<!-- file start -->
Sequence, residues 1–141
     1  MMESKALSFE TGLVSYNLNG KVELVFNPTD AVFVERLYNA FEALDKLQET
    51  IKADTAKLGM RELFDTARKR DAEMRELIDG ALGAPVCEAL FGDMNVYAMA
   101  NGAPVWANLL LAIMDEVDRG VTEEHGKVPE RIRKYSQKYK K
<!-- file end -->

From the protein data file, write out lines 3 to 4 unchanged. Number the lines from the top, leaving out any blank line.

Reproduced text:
    51  IKADTAKLGM RELFDTARKR DAEMRELIDG ALGAPVCEAL FGDMNVYAMA
   101  NGAPVWANLL LAIMDEVDRG VTEEHGKVPE RIRKYSQKYK K